It’s a curious irony that Charles Dodgson is an extremely difficult writer to follow, and yet writers and artists of all kinds are constantly attempting to do just that.
Alice in Wonderland adaptations, parodies, reimaginings, homages, allusions and riffs are as common as can be, yet relatively few of them end up being worthwhile. That’s part of what makes Tommy Kovac and Sonny Liew’s Wonderland (Disney Press) graphic novel such a joy to read.
As difficult as following Dodgson may be, Kovac and Liew actually had an even more difficult task still. Their Wonderland was originally published as a six-part comic book series from SLG, part of the publisher’s 2005 licensing agreement with Disney (along with Haunted Mansion, Gargoyles and Tron), so not only were they doing a comic based on the original Wonderland books, but they were doing a comic based on a beloved, classic animated adaptation of those beloved, classic books.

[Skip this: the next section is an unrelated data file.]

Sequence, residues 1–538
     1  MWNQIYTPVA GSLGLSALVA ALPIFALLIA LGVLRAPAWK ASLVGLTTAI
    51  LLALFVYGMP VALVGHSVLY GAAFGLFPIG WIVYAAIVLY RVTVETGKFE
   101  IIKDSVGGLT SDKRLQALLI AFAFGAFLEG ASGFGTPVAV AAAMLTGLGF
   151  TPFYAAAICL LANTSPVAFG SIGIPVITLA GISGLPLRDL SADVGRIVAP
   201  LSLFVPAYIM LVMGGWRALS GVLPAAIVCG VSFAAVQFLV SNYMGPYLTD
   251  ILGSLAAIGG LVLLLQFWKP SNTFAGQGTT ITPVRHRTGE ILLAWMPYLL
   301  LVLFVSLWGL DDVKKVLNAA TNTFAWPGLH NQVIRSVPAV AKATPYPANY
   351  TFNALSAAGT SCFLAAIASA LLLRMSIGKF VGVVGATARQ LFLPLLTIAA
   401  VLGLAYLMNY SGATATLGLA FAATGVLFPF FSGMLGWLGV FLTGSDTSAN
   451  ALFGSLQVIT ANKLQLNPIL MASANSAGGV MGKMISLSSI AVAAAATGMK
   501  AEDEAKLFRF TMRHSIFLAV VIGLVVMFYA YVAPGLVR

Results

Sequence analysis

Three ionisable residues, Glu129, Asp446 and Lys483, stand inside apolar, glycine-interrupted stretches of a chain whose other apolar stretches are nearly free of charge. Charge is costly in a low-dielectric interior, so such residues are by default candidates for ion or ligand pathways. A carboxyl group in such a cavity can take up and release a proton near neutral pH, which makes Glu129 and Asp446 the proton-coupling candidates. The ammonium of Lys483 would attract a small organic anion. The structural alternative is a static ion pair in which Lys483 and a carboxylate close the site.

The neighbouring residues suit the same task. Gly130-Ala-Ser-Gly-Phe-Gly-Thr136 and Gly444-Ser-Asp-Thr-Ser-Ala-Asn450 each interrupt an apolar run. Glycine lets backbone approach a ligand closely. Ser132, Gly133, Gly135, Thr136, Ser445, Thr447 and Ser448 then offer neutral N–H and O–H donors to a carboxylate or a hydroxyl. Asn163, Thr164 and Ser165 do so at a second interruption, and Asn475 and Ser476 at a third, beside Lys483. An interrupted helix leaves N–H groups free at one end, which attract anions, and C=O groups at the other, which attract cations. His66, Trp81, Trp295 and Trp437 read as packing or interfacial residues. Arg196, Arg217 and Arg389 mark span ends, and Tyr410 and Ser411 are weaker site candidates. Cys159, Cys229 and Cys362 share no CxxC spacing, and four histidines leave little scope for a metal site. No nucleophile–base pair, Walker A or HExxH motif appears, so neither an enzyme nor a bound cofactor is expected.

That can’t have been an easy balancing act to strike, and yet if the creators were sweating at all during the creation of the work, it sure doesn’t come through in the finished product: They’ve produced a comic book that should amuse rather than insult fans of the original prose books, a comic that continues elements of the Dinsey movie without coming across as a cheap cash-in along the lines of the company’s direct-to-DVD sequels and prequels, and, perhaps most remarkably, a comic book that is recognizably theirs.